February 2018 - Lougheed House

“obliterating the old”. The 1925 Exposition and the “New Style”

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By now, you’ve probably taken at least a quick look at our exciting new exhibit, The Future Looked Bright: Art Deco in Everyday Life. Throughout the late 20s and well into the 40s, Art Deco was an extremely popular aesthetic that invaded nearly every facet of fashionable life.

But where did it come from?

The name “Art Deco” comes from the title of the Parisian Exposition internationale des Arts décoratifs et industriels modernes, one of the largest, most opulent, and arguably the last of the great European exhibitions. Originally conceived in 1912 to take place in 1915, the Exposition was placed on hiatus by the outbreak of WWI. It was nearly a decade before planning began anew, during which time the European design scene underwent a radical transformation. In 1912, the premier aesthetic of the European design world had been Arte Nouveau, a playful, curvilinear style which softened the neoclassical look of the late 19th century into organic forms, experimenting with and exploring European high society’s interest in the new biologiocal sciences, non-linear forms, and sumptuous ostentatiousness. By 1925, the climate had changed; cubism challenged the old art with hard, masculine forms; futurism, an Italian proto-fascist movement, created images that lionized violent cultural “growth” and industrialization; the Bauhaus School demanded that design be sleek, efficient, and reproducible.

Art Deco-style Fada radio, from The Future Looked Bright: Art Deco in Everyday Life, at Lougheed House until April 29, 2018

Clifton hand-painted ceramic Art Deco vase, 1930

The style that emerged at the 1925 Exposition fused avant-garde aesthetics with new forms devised in the factories and workshops: simple, geometric shapes which could be achieved easily with new machinery, used to create simplifications of monumental Greek, Roman and Egyptian forms with elements of Chinese and Japanese style. Though many of the first wave of Deco designers had started their careers in the old Nouveau style, the rhetoric of the day espoused not only the replacement, but the full-on “obliteration” of the old. Le Corbusier, considered one of the first truly modernist designers, perfectly expressed the violence inherent in this conflict of styles, when he said of the Expo, “1925 marks the decisive turning point in the battle between the old and the new. After 1925 the antique lovers will have virtually ended their lives…”

The Exposition housed some of the greatest architectural and industrial achievements of its time. The Grand Palais alone offered 30,000 square meters of exhibition space; from there, the pavilions ran from its entrance, crowded along both banks of the Seine, and continued a total of 1.6 kilometers to the south, ending on the doorstep of Les Invalides. Standing fifteen meters tall, a fountain made entirely of cast glass, designed by René Lalique, encouraged comparisons to the similarly opulent Crystal Palace constructed for the World Exhibition in London in 1851. Pavilions were erected by some of the greatest architects of the era, featuring work by Pierre Patout, Henri Sauvage, and the aforementioned Le Corbusier, commissioned by nations, companies, and even wealthy individuals. One pavillion funded by a wealthy patron, the Hôtel du Collectionneur, housed an entire gallery representing some of the best, and most expensive, work available to private tastes.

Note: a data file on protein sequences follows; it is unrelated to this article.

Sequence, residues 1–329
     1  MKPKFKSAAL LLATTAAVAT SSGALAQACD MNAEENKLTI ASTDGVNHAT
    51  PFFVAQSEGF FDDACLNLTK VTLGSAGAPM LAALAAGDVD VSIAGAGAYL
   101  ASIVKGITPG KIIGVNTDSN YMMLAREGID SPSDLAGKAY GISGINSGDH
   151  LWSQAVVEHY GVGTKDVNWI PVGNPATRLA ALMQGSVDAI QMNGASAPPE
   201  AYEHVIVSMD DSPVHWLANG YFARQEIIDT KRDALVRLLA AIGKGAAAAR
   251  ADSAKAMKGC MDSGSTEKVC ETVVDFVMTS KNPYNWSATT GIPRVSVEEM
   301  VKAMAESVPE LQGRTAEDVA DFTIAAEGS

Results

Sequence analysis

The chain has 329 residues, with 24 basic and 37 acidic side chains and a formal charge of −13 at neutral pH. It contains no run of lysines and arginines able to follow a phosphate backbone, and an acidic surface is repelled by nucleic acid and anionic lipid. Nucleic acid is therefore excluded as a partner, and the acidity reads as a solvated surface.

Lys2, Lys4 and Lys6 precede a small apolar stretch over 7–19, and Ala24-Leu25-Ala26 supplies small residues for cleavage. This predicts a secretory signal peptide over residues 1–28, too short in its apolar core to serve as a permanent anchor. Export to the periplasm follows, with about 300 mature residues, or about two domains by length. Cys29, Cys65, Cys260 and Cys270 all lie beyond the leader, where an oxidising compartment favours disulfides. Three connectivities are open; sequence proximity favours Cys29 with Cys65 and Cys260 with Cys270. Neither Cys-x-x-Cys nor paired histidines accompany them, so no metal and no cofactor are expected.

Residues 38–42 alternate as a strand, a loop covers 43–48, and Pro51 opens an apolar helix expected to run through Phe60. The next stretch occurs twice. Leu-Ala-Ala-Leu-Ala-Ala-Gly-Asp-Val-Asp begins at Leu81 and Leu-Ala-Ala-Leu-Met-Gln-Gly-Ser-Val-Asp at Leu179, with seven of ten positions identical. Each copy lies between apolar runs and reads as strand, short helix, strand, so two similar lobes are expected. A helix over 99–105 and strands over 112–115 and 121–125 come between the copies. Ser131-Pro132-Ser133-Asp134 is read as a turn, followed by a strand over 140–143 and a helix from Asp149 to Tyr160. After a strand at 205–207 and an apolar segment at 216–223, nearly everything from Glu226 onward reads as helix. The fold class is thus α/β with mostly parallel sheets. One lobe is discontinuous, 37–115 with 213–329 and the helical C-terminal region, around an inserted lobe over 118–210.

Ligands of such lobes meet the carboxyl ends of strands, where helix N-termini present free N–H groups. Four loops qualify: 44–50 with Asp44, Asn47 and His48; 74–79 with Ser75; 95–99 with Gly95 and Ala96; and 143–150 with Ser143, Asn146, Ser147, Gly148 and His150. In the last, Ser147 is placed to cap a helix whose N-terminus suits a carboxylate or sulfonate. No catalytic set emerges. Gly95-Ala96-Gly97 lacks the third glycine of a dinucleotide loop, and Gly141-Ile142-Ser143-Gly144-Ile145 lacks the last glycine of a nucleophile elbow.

Revolution at Home and Abroad

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The year 1917 was one of revolutionary change, both peaceful and violent. Early in the year, the February Revolution forced the abdication of Czar Nicholas II of Russia, marking the end of 196 years of aristocratic rule in Russia. The Russian Civil War followed soon after, beginning with the ousting of the provisional government. Three years of violent conflict would follow, largely between the “Red” and “White” revolutionary armies, but also including numerous other factions and intervening foreign powers.

In November, British Columbia and Ontario joined Manitoba, Saskatchewan and Alberta in extending the vote to women, an example Canada’s federal government followed in 1918. Over the past twenty years, Canadian suffragists had been succeeding in incremental expansions of women’s voting rights in Canada; 1917 marked the climax of their largest push for enfranchisement.

A less obvious, economic revolution was also underway in 1917: in July, Sir William Thomas White, a Conservative MP, introduced Canada’s first income tax as a “temporary” war measure. The bill proposed a progressive tax, with brackets between 4% and 25%, according to income.

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